Archive for the ‘unions’ Category

Wal-Mart wages

December 17, 2006

Wal-Mart pays an average of $10 an hour, which is more than many of its unionized competitors offer. And typically when a new Wal-Mart store opens in a poor area, it receives thousands of job applications for a few hundred openings. So Wal-Mart’s retail jobs of $7 to $12 an hour, which the unions deride as “poverty wages,” are actually in high demand.

Wal-Mart versus unions

December 17, 2006

Some former Wal-Mart managers say the hardball tactics are standard company policy. Jon M. Lehman says he left Wal-Mart on good terms last fall after 17 years as a store manager but now works for the UFCW. He recounts how he called a Bentonville hotline in 1997 after finding a flyer that said: “This store needs a union” in a bathroom at the store he managed in Hillview, Ky.

The response was a mini version of what occurred in Las Vegas four years later. Three labor experts swooped in from Arkansas to show anti-union videos at mandatory employee meetings, says Lehman, and scoured personnel files for dirt to use against union supporters. The labor experts grilled him and other Hillview managers about potential troublemakers, and the store trained surveillance cameras on suspect workers, he says. Now, as a union organizer, he recently noticed that a store in Scottsburg, Ind., sprouted a multitude of cameras after he began talking to workers there in July. Wal-Mart declined comment on Lehman, although a spokesman says that the 15 cameras installed in Scottsburg have “nothing to do with union activity.”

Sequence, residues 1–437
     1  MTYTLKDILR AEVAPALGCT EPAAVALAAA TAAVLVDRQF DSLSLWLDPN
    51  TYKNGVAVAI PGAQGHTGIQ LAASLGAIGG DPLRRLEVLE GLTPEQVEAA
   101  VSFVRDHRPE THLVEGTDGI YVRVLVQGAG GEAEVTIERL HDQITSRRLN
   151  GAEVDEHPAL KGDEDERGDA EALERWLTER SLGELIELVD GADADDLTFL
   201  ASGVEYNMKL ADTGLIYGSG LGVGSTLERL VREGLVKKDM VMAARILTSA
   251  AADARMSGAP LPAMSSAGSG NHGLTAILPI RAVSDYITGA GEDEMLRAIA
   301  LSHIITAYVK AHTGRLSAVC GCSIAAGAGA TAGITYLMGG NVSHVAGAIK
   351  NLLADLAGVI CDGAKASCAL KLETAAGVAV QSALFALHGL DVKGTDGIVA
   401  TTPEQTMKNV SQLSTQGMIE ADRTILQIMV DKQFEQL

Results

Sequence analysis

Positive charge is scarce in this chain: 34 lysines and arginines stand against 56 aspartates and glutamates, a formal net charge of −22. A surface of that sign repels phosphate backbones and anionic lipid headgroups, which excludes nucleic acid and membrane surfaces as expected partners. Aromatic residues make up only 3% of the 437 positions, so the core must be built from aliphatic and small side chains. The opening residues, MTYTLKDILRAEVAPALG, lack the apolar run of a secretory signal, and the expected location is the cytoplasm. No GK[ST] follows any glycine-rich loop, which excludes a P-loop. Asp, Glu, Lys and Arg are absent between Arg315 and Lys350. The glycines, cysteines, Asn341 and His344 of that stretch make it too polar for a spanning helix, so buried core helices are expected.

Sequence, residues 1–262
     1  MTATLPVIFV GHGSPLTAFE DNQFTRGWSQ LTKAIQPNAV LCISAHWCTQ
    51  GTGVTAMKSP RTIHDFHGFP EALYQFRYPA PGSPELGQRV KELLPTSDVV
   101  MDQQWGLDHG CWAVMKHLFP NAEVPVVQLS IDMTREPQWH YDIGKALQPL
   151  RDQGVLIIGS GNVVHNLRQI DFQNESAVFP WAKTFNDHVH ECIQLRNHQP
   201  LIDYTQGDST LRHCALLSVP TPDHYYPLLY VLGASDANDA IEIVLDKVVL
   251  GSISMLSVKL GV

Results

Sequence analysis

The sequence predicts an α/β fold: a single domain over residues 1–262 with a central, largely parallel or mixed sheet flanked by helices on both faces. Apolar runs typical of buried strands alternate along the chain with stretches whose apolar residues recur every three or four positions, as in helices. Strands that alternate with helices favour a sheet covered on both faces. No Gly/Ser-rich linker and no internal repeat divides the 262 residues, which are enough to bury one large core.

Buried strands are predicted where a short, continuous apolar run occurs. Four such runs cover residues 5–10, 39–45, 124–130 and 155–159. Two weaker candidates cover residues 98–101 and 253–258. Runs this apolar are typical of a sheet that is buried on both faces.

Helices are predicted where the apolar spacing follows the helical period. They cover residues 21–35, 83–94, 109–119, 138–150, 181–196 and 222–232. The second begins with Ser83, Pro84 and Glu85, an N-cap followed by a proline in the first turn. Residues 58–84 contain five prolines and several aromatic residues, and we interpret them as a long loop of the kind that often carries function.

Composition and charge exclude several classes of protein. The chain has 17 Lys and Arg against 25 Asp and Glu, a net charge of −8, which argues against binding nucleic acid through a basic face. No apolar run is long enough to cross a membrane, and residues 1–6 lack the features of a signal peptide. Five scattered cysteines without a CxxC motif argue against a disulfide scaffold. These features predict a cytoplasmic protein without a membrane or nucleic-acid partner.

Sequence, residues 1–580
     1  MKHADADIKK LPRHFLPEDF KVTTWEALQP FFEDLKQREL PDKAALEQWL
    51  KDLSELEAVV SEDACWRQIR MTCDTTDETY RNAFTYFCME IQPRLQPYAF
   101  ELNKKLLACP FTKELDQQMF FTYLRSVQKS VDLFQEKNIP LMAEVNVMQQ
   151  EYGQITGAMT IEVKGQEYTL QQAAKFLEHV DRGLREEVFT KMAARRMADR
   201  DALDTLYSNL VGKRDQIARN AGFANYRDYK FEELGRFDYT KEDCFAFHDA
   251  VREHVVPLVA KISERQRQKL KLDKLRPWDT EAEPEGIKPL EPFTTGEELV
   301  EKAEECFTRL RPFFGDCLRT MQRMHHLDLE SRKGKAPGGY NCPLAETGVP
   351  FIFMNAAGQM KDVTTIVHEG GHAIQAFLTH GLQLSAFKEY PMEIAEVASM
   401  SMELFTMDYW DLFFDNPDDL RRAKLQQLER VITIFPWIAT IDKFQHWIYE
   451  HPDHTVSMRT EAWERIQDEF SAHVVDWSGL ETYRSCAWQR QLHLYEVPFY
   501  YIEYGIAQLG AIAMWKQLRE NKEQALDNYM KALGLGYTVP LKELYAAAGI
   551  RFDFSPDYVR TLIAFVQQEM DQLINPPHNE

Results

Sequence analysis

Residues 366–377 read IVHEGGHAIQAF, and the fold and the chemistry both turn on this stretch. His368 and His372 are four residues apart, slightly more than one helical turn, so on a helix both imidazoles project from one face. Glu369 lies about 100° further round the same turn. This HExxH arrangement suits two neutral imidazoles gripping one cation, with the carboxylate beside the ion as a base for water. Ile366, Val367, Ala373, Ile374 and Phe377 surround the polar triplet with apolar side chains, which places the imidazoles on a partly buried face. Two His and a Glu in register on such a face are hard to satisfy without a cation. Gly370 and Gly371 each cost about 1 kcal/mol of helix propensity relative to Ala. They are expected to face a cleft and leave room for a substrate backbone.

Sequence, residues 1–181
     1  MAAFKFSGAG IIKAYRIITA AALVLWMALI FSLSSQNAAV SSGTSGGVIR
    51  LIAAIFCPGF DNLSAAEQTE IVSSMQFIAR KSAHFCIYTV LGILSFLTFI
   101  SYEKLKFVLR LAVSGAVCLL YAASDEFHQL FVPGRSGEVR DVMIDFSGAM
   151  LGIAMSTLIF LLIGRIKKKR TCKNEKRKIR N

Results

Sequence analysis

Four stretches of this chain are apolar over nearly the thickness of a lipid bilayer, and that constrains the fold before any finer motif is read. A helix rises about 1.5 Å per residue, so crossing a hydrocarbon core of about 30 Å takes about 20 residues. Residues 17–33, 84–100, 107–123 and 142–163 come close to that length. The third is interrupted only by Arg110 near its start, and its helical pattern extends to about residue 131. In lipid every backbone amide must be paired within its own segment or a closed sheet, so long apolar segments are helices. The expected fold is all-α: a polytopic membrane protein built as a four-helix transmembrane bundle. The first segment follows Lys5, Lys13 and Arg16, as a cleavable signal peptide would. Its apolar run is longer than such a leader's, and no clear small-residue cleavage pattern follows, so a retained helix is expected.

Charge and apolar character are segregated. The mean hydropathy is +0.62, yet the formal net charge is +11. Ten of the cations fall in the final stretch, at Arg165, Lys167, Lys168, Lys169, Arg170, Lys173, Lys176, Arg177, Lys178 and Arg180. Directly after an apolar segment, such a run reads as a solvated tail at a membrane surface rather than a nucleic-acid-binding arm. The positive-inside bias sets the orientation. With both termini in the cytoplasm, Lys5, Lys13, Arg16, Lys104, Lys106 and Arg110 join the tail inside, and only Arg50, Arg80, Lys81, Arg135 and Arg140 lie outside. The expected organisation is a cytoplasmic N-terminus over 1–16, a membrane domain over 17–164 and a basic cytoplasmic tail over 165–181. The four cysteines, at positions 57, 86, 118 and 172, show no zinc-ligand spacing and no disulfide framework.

Wow, one piece of paper and one phone call seemingly caused Wal-Mart to spend thousands of dollars.

Wal-Mart versus “union leaders”

December 17, 2006

Here are some quotes from
I wanted to save them here for historical purposes.

What’s At Stake

Working families choose to shop at their neighborhood Wal-Mart stores to save money, save time and to get everything they need in one convenient place. And associates choose to work at Wal-Mart because it offers good wages, solid benefits and a chance at a career. But some union leaders in Washington, D.C. don’t want working families to benefit from Wal-Mart. These union leaders want to tell us — America’s working families — where to shop and work.

The attack campaign waged on Wal-Mart by union leaders has one central goal: to unionize Wal-Mart’s workforce. Though they claim to want to help Wal-Mart become a better company, organizing the company’s 1.3 million U.S. associates, and collecting the millions of dollars in dues that would come along with such organization, is the sole motivation of these critics. That’s why they’re going after this company. With tens of millions of dollars at their disposal, they are determined to waste member dues to attack Wal-Mart. And they’re doing so while thousands of union jobs are disappearing and while union members shop at Wal-Mart in large numbers to save money. That’s wrong.

Despite this barrage of criticism, working families everywhere know what the unions won’t acknowledge: Wal-Mart is good for America’s working families. Working families continue to shop at Wal-Mart and line up by the thousands for jobs at Wal-Mart stores because Wal-Mart continues to save working families money and provide good jobs with competitive pay and affordable health care. It really is time for the union leaders to let working families decide where to shop and work.

Wal-Mart also brings much-needed jobs to America’s communities, affordable health care to American families, and generous donations to charities across the country.